The thought of putting thousands of dollars into a down payment for a home might bring out a lot of emotions: fear, dread, anxiety. Does any of that ring a bell?
Saving for a down payment is no easy task, but it is totally achievable with the right mindset and strategy. Implement some of these tips into your budget, and you’re guaranteed to see a steady uptick in your savings—enough to finally get the home you’ve been dreaming of.
Know where you stand
First things first, take a realistic look at your finances with your mortgage lender to determine what type of loan you qualify for and exactly how much money you’ll need to put down. This can give you a more accurate picture of the time frame you’ll have to hit your savings goals.
Automate your savings (and don’t touch them)
By contributing to an automated savings account weekly, monthly, bi-monthly, etc., you are making the process of saving quite literally, a no brainer. When some of your money is instantly transferred into your savings account without having to remember to do it (or not do it) yourself, you’re much more likely to save and refrain from dipping into the account unnecessarily.
Expect the unexpected
Life happens, and during the process of saving you are bound to run into a few bumps in the road—that’s OK. As long as you are prepared to make up the difference along the line, there’s no reason to let these snags ruin your chances at your new house.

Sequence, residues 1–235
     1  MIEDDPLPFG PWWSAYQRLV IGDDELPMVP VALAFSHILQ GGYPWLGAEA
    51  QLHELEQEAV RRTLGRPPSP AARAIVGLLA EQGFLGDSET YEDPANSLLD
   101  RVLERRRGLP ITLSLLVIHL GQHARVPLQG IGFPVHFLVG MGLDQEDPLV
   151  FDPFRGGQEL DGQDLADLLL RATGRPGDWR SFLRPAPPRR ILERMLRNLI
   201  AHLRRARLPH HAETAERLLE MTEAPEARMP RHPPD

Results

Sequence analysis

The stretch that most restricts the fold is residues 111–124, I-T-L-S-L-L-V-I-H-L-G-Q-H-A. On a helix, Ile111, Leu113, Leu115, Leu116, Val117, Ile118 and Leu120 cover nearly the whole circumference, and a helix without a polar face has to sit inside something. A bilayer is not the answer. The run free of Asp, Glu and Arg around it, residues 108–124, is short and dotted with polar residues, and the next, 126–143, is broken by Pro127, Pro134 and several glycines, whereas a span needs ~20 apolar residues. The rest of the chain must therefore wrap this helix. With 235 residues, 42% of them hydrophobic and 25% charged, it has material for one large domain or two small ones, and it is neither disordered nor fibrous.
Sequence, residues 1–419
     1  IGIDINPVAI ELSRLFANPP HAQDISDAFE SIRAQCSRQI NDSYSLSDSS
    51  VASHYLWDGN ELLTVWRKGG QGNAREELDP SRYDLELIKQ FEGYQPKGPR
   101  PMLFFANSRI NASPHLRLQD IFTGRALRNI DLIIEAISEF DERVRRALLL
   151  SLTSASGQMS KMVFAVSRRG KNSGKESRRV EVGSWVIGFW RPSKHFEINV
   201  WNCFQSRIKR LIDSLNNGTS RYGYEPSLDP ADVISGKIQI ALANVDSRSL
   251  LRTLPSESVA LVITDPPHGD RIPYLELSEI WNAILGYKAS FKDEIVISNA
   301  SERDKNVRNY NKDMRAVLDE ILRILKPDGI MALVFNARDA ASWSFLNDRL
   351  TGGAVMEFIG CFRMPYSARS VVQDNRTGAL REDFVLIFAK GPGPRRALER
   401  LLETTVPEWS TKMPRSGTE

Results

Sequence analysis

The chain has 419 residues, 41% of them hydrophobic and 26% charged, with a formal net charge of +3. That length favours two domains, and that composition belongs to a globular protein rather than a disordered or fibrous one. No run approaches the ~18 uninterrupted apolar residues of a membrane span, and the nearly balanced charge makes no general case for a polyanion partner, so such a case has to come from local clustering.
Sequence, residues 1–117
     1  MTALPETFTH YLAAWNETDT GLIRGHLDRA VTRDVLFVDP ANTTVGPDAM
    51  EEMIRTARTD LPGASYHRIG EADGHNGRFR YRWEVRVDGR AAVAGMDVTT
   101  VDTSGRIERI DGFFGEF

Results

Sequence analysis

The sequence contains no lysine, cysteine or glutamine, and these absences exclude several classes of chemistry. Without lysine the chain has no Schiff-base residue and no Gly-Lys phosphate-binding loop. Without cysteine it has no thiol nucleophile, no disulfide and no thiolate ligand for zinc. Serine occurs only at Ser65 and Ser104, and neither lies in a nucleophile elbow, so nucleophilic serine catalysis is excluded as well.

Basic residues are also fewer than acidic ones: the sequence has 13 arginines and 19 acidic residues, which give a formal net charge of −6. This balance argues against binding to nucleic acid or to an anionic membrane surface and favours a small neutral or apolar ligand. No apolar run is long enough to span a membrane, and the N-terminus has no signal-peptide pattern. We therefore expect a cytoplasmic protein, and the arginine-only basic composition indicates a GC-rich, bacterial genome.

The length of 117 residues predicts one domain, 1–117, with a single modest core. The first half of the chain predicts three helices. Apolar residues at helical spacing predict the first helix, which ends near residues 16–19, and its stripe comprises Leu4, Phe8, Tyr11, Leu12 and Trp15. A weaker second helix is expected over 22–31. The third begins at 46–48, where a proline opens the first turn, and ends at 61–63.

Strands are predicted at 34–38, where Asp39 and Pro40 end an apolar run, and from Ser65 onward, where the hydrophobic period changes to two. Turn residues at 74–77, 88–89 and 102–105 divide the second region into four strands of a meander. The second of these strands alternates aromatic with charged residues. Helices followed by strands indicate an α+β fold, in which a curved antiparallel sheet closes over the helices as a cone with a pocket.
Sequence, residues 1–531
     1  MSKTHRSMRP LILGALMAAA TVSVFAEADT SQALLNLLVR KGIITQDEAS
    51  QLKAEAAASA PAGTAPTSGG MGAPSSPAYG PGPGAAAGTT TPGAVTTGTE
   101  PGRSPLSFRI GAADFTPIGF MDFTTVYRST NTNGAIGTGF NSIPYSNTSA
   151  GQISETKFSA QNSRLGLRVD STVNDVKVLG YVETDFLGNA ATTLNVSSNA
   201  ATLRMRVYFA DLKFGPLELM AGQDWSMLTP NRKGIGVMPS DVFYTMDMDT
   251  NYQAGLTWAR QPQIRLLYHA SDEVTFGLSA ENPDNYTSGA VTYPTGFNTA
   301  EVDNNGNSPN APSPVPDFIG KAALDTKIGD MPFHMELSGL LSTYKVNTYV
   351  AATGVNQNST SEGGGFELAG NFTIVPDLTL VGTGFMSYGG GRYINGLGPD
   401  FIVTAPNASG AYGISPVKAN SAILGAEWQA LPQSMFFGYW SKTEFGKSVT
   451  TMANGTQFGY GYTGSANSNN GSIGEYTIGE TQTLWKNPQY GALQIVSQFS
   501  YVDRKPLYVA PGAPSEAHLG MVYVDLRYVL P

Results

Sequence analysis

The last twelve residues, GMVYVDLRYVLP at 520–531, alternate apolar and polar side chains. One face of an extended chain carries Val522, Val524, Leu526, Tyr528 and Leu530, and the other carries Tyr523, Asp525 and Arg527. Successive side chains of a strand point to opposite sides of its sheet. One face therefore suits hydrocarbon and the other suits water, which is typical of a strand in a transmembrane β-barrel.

Avoid unnecessary expenses
We don’t need to tell you that daily coffee runs add up over time. Five dollars might not seem like a lot of money, but over the course of a week and a month, that adds up to a significant portion of your spending. Think critically about expenses you can realistically do without for the time being, and seriously consider phasing them out of your budget.
Reevaluate your credit and credit cards
If you have a credit card you use regularly with a significant interest rate, this could put a major stop to your savings. Try to pay off these cards as quickly and efficiently as possible so that they don’t negatively impact your credit or ability to save long-term.